Cooper Kitchen & Bar, Elland

It was just a minute or two's walk then to my final destination, a place that  I have always enjoyed visiting although it isn't often enough. The Elland Craft and Tap is a wonderful, friendly, welcoming bar owned by Elland Brewery and based in a former building society branch which I wrote about when it first opened in 2018, since which, lockdown asides, it has continued to go from strength to strength. Beers are not only from Elland, on this occasion the 6 pumps featured 2 dedicated to Craft and Tap Blonde, another from Elland, Summit For The Weekend, a 4.6% pale gold described as "fruity, rich citrus", plus Salopian Oracle, Millionaire Milk Stout from Wild Beer, and Crag Bitter from Fell Brewery. The craft beer selection included beers from Buxton, Tiny Rebel, and Seven Brothers. I went for the Oracle, which was in excellent condition.

Elland Craft and Tap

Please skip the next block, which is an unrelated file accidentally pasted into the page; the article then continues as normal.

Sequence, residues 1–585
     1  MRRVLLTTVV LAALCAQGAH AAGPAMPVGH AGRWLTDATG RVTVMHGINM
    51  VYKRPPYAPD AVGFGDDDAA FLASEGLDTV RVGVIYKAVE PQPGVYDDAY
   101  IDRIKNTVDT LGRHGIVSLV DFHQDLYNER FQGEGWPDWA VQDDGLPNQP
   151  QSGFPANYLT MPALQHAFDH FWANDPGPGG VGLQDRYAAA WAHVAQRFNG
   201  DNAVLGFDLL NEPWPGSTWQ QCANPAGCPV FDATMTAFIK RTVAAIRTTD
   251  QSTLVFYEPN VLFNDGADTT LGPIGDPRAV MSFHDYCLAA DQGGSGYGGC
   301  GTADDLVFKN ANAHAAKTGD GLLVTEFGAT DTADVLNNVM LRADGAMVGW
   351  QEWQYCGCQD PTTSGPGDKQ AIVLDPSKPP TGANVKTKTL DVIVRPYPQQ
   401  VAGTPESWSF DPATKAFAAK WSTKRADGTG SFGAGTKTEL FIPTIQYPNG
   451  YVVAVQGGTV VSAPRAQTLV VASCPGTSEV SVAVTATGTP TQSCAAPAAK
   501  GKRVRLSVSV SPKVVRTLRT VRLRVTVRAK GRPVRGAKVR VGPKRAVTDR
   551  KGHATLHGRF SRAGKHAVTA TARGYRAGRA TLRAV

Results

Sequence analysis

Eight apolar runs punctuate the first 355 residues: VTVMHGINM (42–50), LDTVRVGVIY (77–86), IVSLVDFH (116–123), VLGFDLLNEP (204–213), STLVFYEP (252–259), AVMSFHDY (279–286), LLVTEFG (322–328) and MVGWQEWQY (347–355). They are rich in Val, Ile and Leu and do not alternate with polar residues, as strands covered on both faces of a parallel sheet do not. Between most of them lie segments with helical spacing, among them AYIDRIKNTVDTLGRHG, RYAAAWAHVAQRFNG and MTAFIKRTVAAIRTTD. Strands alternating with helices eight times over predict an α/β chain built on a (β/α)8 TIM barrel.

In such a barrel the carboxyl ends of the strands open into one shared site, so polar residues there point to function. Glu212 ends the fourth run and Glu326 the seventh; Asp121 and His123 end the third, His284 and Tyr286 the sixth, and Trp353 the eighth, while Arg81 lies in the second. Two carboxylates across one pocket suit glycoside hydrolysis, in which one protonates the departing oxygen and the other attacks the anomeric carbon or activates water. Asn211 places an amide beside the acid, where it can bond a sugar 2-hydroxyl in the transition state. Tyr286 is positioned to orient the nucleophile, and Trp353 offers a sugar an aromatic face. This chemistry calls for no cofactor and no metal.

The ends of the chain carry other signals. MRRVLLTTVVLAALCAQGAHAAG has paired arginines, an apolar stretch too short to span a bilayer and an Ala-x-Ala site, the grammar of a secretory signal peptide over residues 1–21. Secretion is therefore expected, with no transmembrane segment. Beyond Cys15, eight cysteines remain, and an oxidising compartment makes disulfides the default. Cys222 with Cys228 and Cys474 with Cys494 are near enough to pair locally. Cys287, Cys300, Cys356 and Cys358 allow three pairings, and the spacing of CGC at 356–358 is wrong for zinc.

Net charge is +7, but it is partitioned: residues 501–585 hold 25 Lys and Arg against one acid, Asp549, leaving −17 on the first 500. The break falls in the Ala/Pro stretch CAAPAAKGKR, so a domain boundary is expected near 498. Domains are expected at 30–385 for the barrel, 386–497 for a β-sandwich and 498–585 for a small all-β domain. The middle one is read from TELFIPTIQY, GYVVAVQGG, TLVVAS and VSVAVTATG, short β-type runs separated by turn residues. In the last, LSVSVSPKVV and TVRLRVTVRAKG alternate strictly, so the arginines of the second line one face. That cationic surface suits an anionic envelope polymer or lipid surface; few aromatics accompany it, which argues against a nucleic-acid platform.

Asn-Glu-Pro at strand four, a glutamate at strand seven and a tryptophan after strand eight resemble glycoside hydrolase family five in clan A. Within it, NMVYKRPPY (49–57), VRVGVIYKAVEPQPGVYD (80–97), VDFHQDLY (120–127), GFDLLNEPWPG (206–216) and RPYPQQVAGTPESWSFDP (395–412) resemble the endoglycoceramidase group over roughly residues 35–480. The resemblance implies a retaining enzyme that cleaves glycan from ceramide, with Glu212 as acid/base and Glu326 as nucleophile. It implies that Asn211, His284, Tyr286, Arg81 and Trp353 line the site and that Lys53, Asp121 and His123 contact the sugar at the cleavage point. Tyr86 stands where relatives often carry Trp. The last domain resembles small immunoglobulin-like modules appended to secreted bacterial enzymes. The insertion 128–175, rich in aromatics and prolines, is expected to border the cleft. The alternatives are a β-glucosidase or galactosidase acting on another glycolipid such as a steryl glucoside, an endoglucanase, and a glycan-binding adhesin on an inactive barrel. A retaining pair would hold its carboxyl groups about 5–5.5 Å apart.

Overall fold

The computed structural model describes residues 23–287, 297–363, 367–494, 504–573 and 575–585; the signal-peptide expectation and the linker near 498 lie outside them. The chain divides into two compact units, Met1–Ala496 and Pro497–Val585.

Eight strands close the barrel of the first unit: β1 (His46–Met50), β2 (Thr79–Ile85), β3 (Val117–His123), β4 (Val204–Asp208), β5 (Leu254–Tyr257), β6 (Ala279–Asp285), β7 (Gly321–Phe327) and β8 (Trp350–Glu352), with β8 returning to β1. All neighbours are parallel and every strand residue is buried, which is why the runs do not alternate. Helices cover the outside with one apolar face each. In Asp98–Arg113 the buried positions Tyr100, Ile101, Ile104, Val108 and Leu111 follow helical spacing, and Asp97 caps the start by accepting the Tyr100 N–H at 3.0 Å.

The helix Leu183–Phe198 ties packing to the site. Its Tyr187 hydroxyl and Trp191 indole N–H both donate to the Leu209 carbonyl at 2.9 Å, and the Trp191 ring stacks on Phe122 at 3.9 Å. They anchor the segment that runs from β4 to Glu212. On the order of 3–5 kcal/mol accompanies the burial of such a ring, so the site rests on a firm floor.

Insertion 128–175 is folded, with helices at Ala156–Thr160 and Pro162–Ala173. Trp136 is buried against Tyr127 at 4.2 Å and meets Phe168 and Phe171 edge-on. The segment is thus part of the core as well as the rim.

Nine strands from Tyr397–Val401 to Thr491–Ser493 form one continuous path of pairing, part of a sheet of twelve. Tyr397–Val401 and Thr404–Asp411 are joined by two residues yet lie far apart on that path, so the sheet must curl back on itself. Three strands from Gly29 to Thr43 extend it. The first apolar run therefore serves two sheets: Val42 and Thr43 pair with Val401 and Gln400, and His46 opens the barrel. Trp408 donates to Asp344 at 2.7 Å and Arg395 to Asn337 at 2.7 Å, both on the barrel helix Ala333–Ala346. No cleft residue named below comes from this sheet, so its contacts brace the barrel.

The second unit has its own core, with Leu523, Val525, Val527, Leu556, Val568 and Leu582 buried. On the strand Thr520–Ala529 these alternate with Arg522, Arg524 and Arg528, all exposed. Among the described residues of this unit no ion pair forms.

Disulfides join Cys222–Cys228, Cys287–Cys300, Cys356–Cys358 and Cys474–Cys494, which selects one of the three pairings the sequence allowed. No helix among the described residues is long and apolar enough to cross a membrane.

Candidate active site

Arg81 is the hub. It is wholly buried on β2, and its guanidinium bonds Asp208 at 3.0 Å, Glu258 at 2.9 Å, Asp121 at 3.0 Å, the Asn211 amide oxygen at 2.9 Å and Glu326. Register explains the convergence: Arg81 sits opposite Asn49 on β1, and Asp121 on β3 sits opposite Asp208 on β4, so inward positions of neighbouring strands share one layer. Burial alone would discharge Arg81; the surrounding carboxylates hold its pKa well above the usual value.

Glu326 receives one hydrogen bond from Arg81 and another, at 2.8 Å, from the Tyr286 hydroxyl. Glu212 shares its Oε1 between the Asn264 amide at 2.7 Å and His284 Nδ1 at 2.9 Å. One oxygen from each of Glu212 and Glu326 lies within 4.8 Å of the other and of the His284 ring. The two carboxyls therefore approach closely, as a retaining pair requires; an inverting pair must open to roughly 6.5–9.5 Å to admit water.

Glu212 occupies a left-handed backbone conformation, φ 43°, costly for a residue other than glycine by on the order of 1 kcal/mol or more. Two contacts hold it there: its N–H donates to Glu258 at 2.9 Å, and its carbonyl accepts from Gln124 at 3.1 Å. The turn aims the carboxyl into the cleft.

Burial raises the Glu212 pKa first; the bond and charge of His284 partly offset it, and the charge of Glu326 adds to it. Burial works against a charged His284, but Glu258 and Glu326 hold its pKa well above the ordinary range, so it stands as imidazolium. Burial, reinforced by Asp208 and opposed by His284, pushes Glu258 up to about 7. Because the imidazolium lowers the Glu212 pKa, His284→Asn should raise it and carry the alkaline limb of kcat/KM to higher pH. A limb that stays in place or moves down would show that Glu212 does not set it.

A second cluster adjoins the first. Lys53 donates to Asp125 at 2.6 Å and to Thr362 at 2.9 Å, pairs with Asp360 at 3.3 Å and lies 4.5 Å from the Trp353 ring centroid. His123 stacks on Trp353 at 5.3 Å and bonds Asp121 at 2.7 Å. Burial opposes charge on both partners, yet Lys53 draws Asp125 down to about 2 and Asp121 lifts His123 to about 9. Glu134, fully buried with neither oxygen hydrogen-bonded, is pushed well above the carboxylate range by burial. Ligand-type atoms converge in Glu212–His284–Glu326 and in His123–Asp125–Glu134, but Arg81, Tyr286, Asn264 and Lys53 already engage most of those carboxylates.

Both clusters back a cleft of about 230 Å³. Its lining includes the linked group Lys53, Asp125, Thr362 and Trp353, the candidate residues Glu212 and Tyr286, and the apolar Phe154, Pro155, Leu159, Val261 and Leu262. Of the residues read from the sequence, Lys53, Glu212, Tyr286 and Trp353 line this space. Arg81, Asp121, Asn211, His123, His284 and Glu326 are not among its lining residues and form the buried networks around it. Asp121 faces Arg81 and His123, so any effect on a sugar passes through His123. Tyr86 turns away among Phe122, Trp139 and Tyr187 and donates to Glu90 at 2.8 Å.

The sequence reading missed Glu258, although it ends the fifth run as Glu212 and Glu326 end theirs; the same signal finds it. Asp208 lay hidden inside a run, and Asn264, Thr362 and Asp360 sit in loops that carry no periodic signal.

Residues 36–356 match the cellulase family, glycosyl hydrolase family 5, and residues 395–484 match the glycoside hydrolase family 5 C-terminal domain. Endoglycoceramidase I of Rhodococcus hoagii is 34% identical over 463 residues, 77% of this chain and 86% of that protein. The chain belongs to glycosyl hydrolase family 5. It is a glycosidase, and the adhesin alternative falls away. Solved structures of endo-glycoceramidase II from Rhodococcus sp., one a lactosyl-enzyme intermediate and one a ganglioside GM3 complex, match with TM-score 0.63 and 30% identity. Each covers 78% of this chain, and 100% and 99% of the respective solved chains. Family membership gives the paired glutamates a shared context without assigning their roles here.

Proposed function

As usual when I have called in, there always seems to be somebody in there that I know, and this occasion was no different, with a couple I have known since I lived in the town enjoying a drink, plus an old friend who I hadn't seen for ages prompting a conversation involving much reminiscing. Moreover, another old friend, Lynne, was dispensing the beers, providing another reminder of the Barge and Barrel as she ran it for a year or two. It really is a small world! Mike the boss appeared and we had a quick chat, and whilst I didn't see them on this visit, Alan and Alyson, who opened the area's first micro pub, Calan's in Hebden Bridge, are involved here these days, with Alyson working some shifts behind the bar and Alan doing the cellar work. Sadly, after an excellent hour or so, it was time to go, once again the Craft and Tap had provided everything you look for in a pub - excellent beer, welcoming staff, and friendly customers in comfortable and relaxing surroundings.